• King City by  Brandon Graham:  Realized the trade of this only got collected this year, so some people may not have discovered it until this year…maybe you haven’t discovered it yet?  If so, you should: it’s a canny and addictive blend of slice-of-life and sci-fi adventure comics.

Other stuff Jeff dug:  The Valiant reboot; Shonen Jump Alpha; 2000 AD Digital; the digital reprints of Crying Freeman over at Dark Horse Digital; the second and final volume of the Kamandi Omnibus by Jack Kirby; and the amazing graphic novel adaptation of Donald Goines’ Daddy Cool by Donald Glut and Alfredo Alcala.

Graeme agrees with some but adds three I didn’t mention:

  • Dustin Harbin’s Boxes;
  • The Crackle of the Frost by Lorenzo Mattotti and Jorge Zentner; and
  • The Nao of Brown by Glyn Dillon

2:10:45-End:  Closing Comments!  Best wishes for the holidays and the New Year!  Join us in 2013 for more fun, yeah?

Oh, and right–the podcast itself!  That would be helpful to include, right?  I mean, it’s on iTunes and everything, but that’s not everything, is it?  No, not by half, it’s not!  Feel free to warm your Christmas ears below:

Wait, What? Ep. 110: Let It Snow, Let It Snow, Let It Snow

And as always, we hope you enjoy…and thanks for listening!

60 Responses to “ Wait, What? Ep. 110: Let It Snow, Let It Snow, Let It Snow ”

  1. Hi Ben,

    I share your discomfort at some of the things I’m about to type. This is, to say the least, not the conversation I wanted to be having two days before Christmas. But some problems are too important to ignore.

    Also, I have to get this line of yours out of the way:

    “If you think that was casual I don’t want to see your special order manga!”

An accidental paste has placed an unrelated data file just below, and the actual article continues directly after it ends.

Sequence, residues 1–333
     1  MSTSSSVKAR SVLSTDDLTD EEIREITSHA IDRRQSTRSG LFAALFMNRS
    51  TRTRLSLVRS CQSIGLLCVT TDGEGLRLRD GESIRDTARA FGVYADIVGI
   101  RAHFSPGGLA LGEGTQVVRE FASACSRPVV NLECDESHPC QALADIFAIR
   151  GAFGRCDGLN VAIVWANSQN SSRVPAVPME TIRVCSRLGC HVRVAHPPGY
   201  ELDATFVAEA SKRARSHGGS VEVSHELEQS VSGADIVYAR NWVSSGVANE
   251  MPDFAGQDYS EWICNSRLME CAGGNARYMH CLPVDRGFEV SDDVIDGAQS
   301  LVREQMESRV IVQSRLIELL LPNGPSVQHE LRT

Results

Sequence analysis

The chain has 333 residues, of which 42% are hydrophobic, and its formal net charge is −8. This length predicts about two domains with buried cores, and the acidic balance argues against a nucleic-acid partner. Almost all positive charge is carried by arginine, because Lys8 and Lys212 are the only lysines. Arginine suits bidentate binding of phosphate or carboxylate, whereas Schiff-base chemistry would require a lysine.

I know this was a joke, but if you genuinely want to have a conversation about a troubling subject of this nature, jovially calling the other guy a pervert is probably not the best way to open. Also maybe not the most appropriate move for someone who’s *defending* Moore’s omnipresent rape scenes. (See, that wasn’t nice at all, was it?)

    I think you and I probably have a very different opinion of what’s integral or important to the story. Moore’s rapes are certainly… prominent… but I feel that he rarely treats the rapes or their victims with the gravity and the humanity that they deserve. And being excessively brutal or horrific a la Neonomicon doesn’t mean they aren’t casual (maybe I should use the term “gratuitous” or “exploitative” instead – though many of them are also trivialized or played for laughs).

    I don’t think this has always been true of Moore’s work, and sometimes he has explored sexual violence as a theme and not just a cheap shock. From Hell can’t avoid the subject, though that’s not an excuse (he chose the subject matter, and plenty of stories “about” rape are still exploitative). What really sets From Hell apart is that he writes the victims as real women with real lives, treats their murders with deadly seriousness, and shows how those crimes are rooted in larger social customs and inequalities. I assume that’s why Moose left it off his list – I certainly don’t include it among Moore’s casual or exploitative works (although it does belong to his career-long pattern of depicting sexual violence, especially violence against women). But it’s also more than 16 years old at this point (it began in 1989!) and it doesn’t really belong with his more recent work from this century.

    I have no desire to comb through Moore’s output and detail every single rape scene from the last twelve years, but here are a few of the lowlights:

    League of Extraordinary Gentlemen volume 1 opens with Mina getting sexually assaulted by a mob of lascivious Arabs (rape with bonus racism!) at the beginning of the first issue. By the end of the first issue, she’s posing as a prostitute and is threatened by Hyde, who’s been killing prostitutes. The second issue opens with Griffin’s rape spree at Rosa Coote’s, which is absolutely, unequivocally played for laughs. None of these are “key parts of the story,” which ultimately revolves around Moriarty’s war with Fu Manchu and is mercifully rape free (so far as I recall) for the next four issues.

    …but that goes away in LoEG volume 2, which has Hyde’s rape-murder of Griffin, and the Black Dossier, which has Bond’s attempted rape of Mina along with the various sexual assaults (again, played for comedic purpose) in the Fanny Hill story, and Century, which has Janni’s rape, Mina’s rape by Voldemort (again, how integral is that to the story?), and Harry Potter’s implied rape of one of his teachers. I may have forgotten a few others.